There she was. Carrie Fisher! Novelist! And! And! And. . . .she wore an orange top (what's with all the orange) and had a funky handbag with Chinese style embroidery on it (cool bag). And. . .and. . .she looked like my mother. Pause.

Honest. Carrie Fisher stands just like my mother stands. Whoah. That's wacky. However, Carrie Fisher wears more black eyeliner than my mother does. Phew!

Carrie Fisher turned the pages of her book and asked if we wanted to hear something from the beginning or the middle.

‘The Middle! The Middle!' several people shouted, so naturally she obliged.

If you're going to tell a story well, it's a good idea to start at the beginning---not the middle---the beginning. But alas, I was outnumbered in Santa Monica.

Carrie Fisher sipped her diet coke through the straw and declared it delicious. Then she started reading. She read her prose with not just emphasis, but overemphasis as if trying to emphasize every painstakingly written word, every adverb, every metaphor.

Photographers clicked, clicked, clicked. After all, if this reading wasn't photographed, would it really have happened. To quote Russell Crowe, ‘the photograph kills, and your fame will destroy you.'

‘But what is the matter?' you might ask.

‘Between who?' I might say.

‘I mean the matter that she reads.' You say.

‘Slanders, sir; for the satirical rogue says here that old men have grey beards, that their faces are wrinkled, their eyes purging thick amber and plum-tree gum, and that they have a plentiful lack of wit, together with most weak hams.'

But seriously folks, all crowe-ing hamlets aside, as far as I could tell in all the emphasizing, the setting was a tattoo parlor on Sunset Boulevard. The main character, Suzanne, totally slams into a girl wanting a tongue piercing with this whole monologue on giving good head and how one shouldn't need a pierced tongue in the first place. And on and on.

Personally, I thought it would be cool for the girl to pick up the stainless steel stud, flick it at the has-been Hollywood actress off her meds, and say ‘bite this bitch'. I wanted to stand up for the tongue-pierced girl. Let her pierce away.

After reading her pages and sipping more diet coke, Carrie Fisher opened the floor to questions.
The first question was about sources of inspiration, and Carrie Fisher simply answered ‘rehab'. Hah! Hah! Hah! Hah! Wait. Is that really funny or just brutally honest, and people don't know how to take it, so they laugh?

When asked why she returned to the character of Suzanne (from Postcards from the Edge) in the new book, Carrie Fisher answered (and I quote from my notes): ‘I got so tired of making up a new character.'

Wait a minute. She didn't just say that. Or did she? Isn't ‘making shit up' part of the novelist job description? I think it comes after ‘you gotta write a lot of words'. Okay, to be fair, many novelists go back to certain characters in different books. The characters become familiar motifs used to explore different ideas and scenarios. Yeah, good answer, clap, good answer.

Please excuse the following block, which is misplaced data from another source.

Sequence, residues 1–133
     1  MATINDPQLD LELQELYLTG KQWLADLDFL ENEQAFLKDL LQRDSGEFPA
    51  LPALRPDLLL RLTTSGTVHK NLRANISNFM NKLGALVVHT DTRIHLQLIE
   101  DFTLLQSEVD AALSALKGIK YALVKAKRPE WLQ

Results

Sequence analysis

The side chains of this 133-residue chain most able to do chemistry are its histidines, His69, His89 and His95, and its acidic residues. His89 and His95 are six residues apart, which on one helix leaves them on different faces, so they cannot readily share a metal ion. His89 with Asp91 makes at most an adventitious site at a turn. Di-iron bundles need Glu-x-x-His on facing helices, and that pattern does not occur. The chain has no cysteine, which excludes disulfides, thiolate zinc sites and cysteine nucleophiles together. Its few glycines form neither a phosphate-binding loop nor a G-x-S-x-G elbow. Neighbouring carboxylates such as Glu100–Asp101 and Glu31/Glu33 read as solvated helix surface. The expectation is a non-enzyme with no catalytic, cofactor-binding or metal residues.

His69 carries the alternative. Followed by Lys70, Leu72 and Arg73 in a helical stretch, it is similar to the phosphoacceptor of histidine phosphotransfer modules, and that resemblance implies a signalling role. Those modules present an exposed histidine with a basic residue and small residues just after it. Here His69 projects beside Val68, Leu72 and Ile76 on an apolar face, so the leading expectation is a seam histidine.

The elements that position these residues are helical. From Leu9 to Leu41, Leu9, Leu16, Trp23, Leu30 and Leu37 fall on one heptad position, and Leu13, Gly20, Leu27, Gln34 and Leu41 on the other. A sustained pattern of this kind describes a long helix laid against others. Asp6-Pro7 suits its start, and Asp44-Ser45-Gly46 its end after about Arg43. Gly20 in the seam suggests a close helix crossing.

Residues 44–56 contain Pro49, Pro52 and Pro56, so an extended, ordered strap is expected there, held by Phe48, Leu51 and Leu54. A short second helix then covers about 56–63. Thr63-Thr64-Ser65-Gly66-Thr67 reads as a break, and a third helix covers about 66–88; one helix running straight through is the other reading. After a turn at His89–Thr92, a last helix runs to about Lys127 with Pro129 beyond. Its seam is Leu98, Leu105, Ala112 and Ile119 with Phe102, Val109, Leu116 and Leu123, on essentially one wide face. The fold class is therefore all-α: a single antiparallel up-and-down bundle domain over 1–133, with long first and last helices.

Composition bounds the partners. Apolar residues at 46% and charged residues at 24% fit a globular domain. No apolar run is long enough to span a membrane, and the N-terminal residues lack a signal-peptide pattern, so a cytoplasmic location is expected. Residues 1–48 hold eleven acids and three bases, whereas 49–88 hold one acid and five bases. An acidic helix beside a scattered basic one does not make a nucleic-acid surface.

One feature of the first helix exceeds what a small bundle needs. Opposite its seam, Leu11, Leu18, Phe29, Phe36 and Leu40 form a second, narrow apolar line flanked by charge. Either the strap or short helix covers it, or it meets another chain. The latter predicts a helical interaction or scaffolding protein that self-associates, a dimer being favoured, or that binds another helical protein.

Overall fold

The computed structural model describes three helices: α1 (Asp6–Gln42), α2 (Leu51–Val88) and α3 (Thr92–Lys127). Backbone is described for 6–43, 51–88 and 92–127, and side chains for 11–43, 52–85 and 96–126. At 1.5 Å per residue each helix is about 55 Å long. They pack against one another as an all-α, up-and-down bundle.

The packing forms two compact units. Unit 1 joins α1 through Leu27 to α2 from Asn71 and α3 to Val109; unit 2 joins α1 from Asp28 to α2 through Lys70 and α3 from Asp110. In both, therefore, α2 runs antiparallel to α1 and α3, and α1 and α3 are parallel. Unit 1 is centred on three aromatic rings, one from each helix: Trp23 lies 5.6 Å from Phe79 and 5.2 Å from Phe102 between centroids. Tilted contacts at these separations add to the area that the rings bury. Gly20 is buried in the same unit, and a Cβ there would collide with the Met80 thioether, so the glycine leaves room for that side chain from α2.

After that question and answer, other Carrie Fisher quotes float around in my notes like balloons let go by children at amusement parks:

‘I'm tired of myself. I don't want to be writing about me anymore.'

‘I like writing characters that think I'm an idiot.'

‘It's very easy to write the character of my mother because she lives next door.'

‘One's life does not fall out like an entertainment.'

At some point in the Q&A, I moved from befuddled observer to blushing participant. Answering a question about her favorite authors, Carrie Fisher ran down a list of contemporary and classic heavies and ended on Dorothy Parker, the Brontes, and Jane Austen. ‘The original chick lit' she called them.

I raised my hand and was immediately called on.

‘Following up on what you just said, what do you think of the term, chick lit?' I asked.

Carrie Fisher suddenly seemed a little on the defensive. This was a question about a word and an idea. This was not a question about her.

Thinking out loud, she circled around the word, mentioned Helen Fielding as a friend, and finally declared they're all ‘just books'. If books are just books, then why are some of them banned. Why are poets exiled and killed? But the positive nurturing side of me had one more question.

‘If you couldn't call it chick lit, what would you call it?' I asked.

I was feeding her. I was setting her up. I was giving her a punchline. All she had to do was deliver, and the crowd would love her more.

‘I don't know. . . .BITCHLIT!' she said looking me straight in the eye. I smiled. Bra-fucking-O.

For the record, the best answer I came up with after several hours of deep thought was Cuntalingus.
A few more questions, then the Q&A was over.

I wrote down the final quote which a thin girl sitting next to me helped me complete. It is also in the new book on page 262:

‘If my life wasn't funny, then it'd just be true, and that would be unacceptable.'

I think life is more fluid (and more tedious) than any if/then phrase. It's a tragic comedy that just keeps going on and on and on. Then we drop dead.